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Zim’s internet revolution: Pricing a major constraint


ZIMBABWE is on the verge of an internet revolution, but pricing remains a major deterrent as a majority of the population cannot afford the service.
With an increase in the number of people with internet enabled phones, it was expected that the internet would take off in the country, but somehow the uptake has remained somewhat very slow.
Mobile internet service provider, Econet, estimates that it has 1,8 million people on its broadband service, but this is only a third of the number of subscribers it has.
Econet, for example, charges US$98 for 1 gigabyte (GB) worth of data, while Telecel charges US$48 for the same amount of data. For a country where the majority of people are unemployed, these charges can be equated to an arm and a leg.
This means the country’s main providers of mobile internet are providing the same internet service for two vastly different figures, but some analysts say this could be for marketing reasons.
Put on a regional scale, the charges seem to be even more enormous. MTN in South Africa is selling 2GB worth of data for R189, the equivalent of about US$22.
An official from Econet, who chose to remain anonymous, said with time, Zimbabweans could expect a reduction in internet costs. “Installation of infrastructure is expensive, so costs have to be recouped, but with time and more people on the service, you can expect a reduction in costs,” he said.
However, in other countries, most service providers share costs of infrastructure and by so doing reduce the cost that is passed on to the consumer, but such a structure is yet to take route in Zimbabwe.
Asked why South Africa had far cheaper rates, the official said mobile internet was fairly new in Zimbabwe whereas it was established south of the Limpopo.
In an article, ZOL also blames the small size of the market for the costs of the internet in Zimbabwe.
“Only when Zimbabwe connects hundreds of thousands of broadband lines will we be able to share out those lines at more economical numbers,” the company said.
“Another factor is the density of the population who can afford the internet. Laying out fibre, copper and even radio systems becomes much more cost-effective where there are a large number of customers in a small area — for example with high rise apartment blocks.”
Social media entrepreneur, Thamu Dube, echoing ZOL, said another inhibiting factor was that Zimbabwe used mostly satellite connection for the internet, but with the coming in of fibre links, the cost was likely to fall significantly.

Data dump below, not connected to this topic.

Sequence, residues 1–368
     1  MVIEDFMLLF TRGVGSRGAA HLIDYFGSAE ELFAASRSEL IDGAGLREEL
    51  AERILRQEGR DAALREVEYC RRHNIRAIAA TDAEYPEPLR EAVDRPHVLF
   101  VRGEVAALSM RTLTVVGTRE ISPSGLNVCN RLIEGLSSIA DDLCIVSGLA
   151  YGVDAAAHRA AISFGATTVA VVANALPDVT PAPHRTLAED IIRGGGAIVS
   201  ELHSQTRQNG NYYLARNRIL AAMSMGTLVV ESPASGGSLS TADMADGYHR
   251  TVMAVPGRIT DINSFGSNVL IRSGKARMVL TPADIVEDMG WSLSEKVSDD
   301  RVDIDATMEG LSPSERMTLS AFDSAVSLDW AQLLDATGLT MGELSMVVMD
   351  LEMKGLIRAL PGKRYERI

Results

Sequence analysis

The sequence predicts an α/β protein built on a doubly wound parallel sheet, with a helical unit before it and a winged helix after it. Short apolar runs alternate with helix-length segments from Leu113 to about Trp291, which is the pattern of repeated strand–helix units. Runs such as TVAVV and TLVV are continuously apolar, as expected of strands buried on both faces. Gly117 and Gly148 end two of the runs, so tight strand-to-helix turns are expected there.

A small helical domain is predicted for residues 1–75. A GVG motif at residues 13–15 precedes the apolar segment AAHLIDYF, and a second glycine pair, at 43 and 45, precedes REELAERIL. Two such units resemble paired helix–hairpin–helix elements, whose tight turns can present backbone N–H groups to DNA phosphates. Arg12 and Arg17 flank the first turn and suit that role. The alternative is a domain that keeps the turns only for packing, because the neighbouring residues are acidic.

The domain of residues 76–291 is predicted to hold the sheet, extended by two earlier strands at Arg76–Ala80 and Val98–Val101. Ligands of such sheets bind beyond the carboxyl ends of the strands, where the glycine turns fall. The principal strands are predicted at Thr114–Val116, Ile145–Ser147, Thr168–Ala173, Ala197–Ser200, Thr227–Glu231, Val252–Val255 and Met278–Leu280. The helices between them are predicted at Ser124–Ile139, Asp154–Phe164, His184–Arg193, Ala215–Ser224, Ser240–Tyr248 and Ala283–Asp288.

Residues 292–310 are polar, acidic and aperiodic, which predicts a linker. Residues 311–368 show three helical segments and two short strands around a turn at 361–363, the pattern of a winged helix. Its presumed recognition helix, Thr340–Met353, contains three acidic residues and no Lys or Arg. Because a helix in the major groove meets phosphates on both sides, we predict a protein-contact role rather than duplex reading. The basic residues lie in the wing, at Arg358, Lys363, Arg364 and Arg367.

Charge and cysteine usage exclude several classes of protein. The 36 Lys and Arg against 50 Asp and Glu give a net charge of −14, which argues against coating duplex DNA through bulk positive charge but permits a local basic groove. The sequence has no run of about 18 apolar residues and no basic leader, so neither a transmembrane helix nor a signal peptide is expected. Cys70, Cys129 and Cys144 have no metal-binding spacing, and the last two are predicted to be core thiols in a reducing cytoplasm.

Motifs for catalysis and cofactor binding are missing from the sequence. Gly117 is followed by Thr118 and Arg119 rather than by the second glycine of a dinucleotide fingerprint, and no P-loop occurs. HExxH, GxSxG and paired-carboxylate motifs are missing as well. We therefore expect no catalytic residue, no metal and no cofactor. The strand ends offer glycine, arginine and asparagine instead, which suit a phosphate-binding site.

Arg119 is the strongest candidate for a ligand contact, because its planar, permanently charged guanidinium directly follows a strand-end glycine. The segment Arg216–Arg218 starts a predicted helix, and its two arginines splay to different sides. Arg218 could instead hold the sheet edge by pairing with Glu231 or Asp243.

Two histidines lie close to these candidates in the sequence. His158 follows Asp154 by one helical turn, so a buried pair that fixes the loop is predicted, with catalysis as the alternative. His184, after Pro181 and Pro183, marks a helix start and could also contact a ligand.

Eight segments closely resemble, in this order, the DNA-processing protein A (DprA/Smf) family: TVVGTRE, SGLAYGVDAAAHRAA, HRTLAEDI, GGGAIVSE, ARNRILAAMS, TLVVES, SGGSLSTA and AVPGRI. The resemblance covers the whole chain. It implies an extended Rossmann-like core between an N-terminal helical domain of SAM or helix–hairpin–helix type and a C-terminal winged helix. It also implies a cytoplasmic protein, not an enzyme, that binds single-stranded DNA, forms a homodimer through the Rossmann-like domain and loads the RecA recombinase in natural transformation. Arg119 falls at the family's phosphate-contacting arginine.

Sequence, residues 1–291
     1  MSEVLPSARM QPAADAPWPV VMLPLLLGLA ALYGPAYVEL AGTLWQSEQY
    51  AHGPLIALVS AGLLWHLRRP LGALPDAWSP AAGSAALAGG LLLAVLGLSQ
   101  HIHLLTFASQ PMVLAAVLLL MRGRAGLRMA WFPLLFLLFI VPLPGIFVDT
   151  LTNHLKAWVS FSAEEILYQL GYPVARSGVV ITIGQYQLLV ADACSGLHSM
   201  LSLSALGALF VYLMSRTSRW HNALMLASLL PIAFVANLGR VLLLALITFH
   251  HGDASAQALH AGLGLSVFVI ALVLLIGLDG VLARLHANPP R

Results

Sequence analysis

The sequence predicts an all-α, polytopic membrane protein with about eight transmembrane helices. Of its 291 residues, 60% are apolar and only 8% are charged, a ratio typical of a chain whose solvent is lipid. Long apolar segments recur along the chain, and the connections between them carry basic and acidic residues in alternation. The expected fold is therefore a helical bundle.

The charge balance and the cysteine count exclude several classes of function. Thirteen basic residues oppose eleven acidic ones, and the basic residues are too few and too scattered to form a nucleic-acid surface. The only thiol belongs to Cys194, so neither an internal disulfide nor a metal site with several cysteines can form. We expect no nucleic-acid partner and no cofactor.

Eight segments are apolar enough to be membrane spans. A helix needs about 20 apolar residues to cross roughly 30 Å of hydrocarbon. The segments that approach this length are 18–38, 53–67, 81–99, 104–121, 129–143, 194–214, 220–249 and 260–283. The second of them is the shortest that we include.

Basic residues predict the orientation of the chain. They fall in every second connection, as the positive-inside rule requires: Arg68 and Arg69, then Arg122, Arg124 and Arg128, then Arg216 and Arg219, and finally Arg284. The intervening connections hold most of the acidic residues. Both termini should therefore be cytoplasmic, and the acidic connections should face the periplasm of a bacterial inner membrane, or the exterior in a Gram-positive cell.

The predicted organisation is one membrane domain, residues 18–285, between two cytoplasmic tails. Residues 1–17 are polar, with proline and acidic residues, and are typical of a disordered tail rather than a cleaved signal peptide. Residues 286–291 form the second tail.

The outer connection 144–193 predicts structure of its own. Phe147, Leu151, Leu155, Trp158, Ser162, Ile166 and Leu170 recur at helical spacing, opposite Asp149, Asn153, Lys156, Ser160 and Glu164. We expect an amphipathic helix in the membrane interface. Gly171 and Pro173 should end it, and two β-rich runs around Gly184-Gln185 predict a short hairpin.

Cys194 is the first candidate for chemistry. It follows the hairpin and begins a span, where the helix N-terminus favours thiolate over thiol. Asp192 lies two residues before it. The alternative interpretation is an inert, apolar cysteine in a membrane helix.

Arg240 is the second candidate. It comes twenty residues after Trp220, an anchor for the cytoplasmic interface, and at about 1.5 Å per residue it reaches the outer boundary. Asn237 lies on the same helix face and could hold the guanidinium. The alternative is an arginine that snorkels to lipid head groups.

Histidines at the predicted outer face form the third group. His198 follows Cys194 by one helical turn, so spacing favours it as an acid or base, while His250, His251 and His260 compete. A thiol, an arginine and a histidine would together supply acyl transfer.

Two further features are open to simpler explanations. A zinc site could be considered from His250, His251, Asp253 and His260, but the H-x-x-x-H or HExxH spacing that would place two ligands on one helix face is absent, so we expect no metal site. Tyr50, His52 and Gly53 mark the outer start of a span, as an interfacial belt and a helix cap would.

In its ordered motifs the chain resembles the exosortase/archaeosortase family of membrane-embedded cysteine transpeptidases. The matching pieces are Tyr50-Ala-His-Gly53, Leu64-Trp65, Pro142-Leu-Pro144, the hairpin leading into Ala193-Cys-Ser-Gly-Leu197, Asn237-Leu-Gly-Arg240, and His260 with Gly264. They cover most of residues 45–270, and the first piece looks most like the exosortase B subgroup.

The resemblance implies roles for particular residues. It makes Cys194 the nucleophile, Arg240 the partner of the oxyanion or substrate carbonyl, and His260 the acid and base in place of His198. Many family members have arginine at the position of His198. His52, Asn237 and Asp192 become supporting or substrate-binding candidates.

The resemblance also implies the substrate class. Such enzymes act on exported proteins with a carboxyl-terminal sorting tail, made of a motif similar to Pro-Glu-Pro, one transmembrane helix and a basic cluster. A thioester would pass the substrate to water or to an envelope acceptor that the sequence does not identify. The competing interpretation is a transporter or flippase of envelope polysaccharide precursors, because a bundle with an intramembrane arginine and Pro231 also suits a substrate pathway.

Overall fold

“The system Zimbabwe has been using for years through the Mazoe Earth station is expensive and limited in bandwidth (the amount of data that can be carried). The second system (fibre-optic cable) is far cheaper and offers blazingly fast speeds and greater bandwidth,” the UK-based commentator said
There are, however, cheaper options with a number of internet service providers popping up, but again the initial costs seem to push away a number of people.
ZOL has come up with a product where they provide 1GB for US$20, but the catch is one has to be near the company’s routers, meaning most people do not have access to the service as they live either out of town or far from the routers.
Africom provides a US$25 service for a gigabyte, but one also has to fork out at least US$65 for a modem and that could put away a number of people. Powertel, Yo Africa and TelOne also provide similar services, but initial costs always seem to be a deterrent.
While the world seems to have embraced shopping over the internet, Zimbabwe is lagging very far behind.
The main reason, observers say, is that PayPal, a global payment system, has sidelined Zimbabwe. Since sanctions were slapped on the country, a decade ago PayPal has sidelined the country and any payments that are directed at Zimbabwe are usually frozen in the political quagmire.
Zimbabweans also seem to be comfortable operating in a cash economy and by and large have ignored online payments and the use of Visa and MasterCard services.
Banks have also not made it easy, as they often charge exorbitant fees for these services.
For example, one can expect to pay a minimum of US$3,50 per transaction on MasterCard in Zimbabwe and US$1 monthly for the maintenance of the service, for a country that has a significant population without bank accounts, these charges may be a bit on the stiff side.
So for the foreseeable future, it can be expected that Zimbabweans will stick to using cash, with internet banking and shopping left to those at the upper echelons of the economy.


Subscribers prefer mobile internet


mobile internet, at the moment seems to be the most viable option as subscribers can pay for the amount of internet they want to use rather than a flat monthly fee.
With the popularity of entry level smart phones like Nokia X2, C3 and Asha among others, mobile internet is affordable.
But for the more techno savvy who use iPhones and the Android platform, mobile internet can be a tad too expensive.
For example, for US$1 a person can chat on WhatsApp for more than a week on a Nokia C3, but on a Samsung SII, depending on the number of running applications, one can hardly chat for an hour for US$1.

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